Does historic district designation lead to gentrification and displacement? Christine Rae Henry, a 19-year LeDroit Park resident, recently finished her dissertation on this topic and used LeDroit Park as her case study. She found the answer is no:
The broad findings show that displacement has been happening not just since the historic district designation in 1974, but actually began in the late 1960s when single-family homes that had been converted into multi-family units were beginning to be returned to single-family use (or mostly single family with a basement unit) a result of desegregation and population shift in the city as a whole.
The dissertation is also a wonderful study of LeDroit Park’s history.
Since 2000 the census tract that includes LeDroit Park has grown more educated, more expensive, and wealthier. Meanwhile the tract’s total population held steady after decades of slow decline. While the white population has increased, the census tract is still overwhelmingly black.
Governing Magazine recently ran a story on gentrification in DC and labeled Census Tract 34, which contains LeDroit Park and Howard University, as “gentrified“. LeDroit Park has certainly changed over the years and I finally got around to compiling decennial census data from 1970 to 2010 as well as data from the American Community Survey.
Let’s start off with the biggest changes.
LeDroit Park is now better educated than the DC region and the nation
Data from Governing show that the share of adults age 25 and older who earned a bachelor’s degree more than doubled from 18.5% in 2000 to 64.9% in 2013. In fact the neighborhood catapulted over the regional figure (48%) and the national figure (28.8%).
Home prices fluctuate more drastically in LeDroit than in the rest of DC
Data from NeighborhoodInfoDC show that until 2004, the median sale price of single-family homes in the neighborhood moved closer to the average of the median values of all DC census tracts. The median price in LeDroit Park quintupled from 1996 to 2005, marking the greatest period of price appreciation. Though prices fell a bit from the recession, the neighborhood’s median price is slowly converging on the District-wide figure. (Disclosure: I do consulting work for the think-tank that produces NeighborhoodInfoDC)
Note: 2009 data not available
Governing’s data of the median home value (both single-family homes and condos) show that housing prices nearly doubled from 2000 to 2013.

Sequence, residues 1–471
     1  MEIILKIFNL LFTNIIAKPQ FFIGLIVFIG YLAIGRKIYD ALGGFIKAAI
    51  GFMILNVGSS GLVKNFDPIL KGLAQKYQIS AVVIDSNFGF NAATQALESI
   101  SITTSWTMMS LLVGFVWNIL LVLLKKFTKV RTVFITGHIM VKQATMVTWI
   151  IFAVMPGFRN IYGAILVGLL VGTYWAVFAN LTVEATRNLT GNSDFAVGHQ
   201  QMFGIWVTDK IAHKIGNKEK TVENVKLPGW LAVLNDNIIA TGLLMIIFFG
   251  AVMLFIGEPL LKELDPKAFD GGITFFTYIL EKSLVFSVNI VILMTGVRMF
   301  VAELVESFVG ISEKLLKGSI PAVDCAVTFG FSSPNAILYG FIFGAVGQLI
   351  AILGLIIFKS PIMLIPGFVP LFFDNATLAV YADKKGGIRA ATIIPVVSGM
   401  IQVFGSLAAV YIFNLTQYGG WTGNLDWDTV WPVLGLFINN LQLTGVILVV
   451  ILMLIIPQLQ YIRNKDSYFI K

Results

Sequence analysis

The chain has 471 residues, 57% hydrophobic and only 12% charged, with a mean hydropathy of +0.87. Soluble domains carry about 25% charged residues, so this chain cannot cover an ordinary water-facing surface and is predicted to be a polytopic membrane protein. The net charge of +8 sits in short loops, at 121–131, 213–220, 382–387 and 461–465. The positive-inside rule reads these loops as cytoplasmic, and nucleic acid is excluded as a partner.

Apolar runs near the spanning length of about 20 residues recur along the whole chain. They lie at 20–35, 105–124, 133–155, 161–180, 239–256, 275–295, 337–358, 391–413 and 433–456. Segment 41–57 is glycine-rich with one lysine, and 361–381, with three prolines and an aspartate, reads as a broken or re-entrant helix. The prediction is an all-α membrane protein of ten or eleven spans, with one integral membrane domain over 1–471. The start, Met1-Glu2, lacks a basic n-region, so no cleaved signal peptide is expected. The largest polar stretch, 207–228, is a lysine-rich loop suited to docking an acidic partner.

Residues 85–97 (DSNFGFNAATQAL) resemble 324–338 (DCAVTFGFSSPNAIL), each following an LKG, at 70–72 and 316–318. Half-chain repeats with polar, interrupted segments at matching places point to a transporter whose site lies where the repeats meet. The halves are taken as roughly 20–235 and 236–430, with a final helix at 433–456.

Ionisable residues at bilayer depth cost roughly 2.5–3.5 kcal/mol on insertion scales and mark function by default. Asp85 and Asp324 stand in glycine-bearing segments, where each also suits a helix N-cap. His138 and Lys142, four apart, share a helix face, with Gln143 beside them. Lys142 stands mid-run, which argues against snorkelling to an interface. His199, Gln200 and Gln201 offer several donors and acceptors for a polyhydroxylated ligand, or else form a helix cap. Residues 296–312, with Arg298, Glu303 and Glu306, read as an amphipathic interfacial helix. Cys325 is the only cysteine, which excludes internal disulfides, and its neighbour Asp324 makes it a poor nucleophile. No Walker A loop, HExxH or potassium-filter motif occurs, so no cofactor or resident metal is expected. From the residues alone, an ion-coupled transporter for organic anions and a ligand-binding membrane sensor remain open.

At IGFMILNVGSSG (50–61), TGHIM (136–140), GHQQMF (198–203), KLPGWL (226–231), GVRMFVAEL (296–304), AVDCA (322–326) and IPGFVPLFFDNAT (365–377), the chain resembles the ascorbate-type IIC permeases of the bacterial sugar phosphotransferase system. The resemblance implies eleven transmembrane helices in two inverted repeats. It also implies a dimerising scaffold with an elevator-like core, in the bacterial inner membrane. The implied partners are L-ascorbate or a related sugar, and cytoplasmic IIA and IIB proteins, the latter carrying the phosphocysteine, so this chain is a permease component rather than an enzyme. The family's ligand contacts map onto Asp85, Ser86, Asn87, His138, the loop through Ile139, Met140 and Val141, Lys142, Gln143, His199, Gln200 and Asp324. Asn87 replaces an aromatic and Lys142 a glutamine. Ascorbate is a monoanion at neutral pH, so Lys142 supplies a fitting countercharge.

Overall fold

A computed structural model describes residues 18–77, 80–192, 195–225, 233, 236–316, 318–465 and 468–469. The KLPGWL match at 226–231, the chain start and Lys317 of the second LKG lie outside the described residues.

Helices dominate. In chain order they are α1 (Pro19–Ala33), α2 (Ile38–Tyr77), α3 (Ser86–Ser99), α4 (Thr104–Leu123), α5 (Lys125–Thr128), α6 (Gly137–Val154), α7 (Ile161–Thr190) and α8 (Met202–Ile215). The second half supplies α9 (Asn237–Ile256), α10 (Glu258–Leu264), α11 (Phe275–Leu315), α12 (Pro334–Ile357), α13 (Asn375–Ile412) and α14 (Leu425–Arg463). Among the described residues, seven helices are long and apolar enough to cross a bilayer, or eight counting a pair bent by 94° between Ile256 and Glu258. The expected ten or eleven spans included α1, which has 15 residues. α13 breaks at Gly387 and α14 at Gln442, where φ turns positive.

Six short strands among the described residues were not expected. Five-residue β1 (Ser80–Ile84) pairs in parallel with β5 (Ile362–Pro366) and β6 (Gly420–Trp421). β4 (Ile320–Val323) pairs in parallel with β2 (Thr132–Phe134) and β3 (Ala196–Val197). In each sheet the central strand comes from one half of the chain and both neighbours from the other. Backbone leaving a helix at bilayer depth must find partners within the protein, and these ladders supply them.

Median household income more than doubled from 2000 to 2013
(For comparison, median household income nationwide declined during this period.)
LeDroit Park is still predominantly black
The population of LeDroit Park and Howard’s campus held steady since 2000 after decades of modest decline. Though the number of whites more than tripled and number of blacks fell 13% from 2000 to 2010, our census tract is still 79% black. A few years ago I got a limited data set of the 2010 Census from the Office of Planning and was able to separate LeDroit Park figures from the rest of the census tract that lies north of W Street. Even then I found that the neighborhood was 70% black.
One popular gentrification narrative is that the process turns poorer black neighborhoods into wealthy white neighborhoods. While income and home values in LeDroit have soared, it still remains a predominantly black neighborhood.
Lil’ LeDroiters are becoming scarcer
From 1970 to 2010, the population of residents under 18 tumbled from 23% of the population (1,244 children) to 8% of the population (350 children). For comparison, DC’s under-18 population in 2010 stood at 17%.
Homeownership has expanded, the housing stock has not
This was one of the more surprising facts. Despite construction of numerous infill rowhouses (especially on the 300 and 500 blocks of U Street) and despite the conversion of many one-unit rowhouses into two-unit rowhouses, the total number of housing units is slightly lower than in 1970. Also, vacancy has been rising, which contradicts what I have seen since I moved here in 2009. Perhaps the vacancy numbers were driven by the remodeling of the 161 units at Kelly Miller or perhaps Howard University dorm rooms do not count as “occupied” since many are vacant during the summer.
The definition of gentrification is a matter of great debate, but Governing defined it as any census tract that met the following criteria from the 2000 Census to the 2010 Census:
- It must start out poorer, i.e. “median household income and median home value needed to fall within the bottom 40th percentile of all tracts within a metro area at the beginning of the decade.”
- It must end up pricier and more educated, i.e. “in the top third percentile for both inflation-adjusted median home values and percentage of adults with bachelors’ degrees.”
According to Governing’s analysis, our tract, like half of the other DC tracts that met the first condition above in 2000, satisfied the second condition in 2010 and thus gentrified.
- Longitudinal Census Bureau data (1970 – 2010) came from the US 2010 project, which used a peer-reviewed method adjust older tract data to conform to the latest tract boundaries.
- Governing, which used Census Bureau data.
- American Community Survey, a Census Bureau project that collects detailed demographic data for years between and overlapping each decennial census.
Our census tract (outlined in blue) is larger than the neighborhood and includes much of the Howard University campus.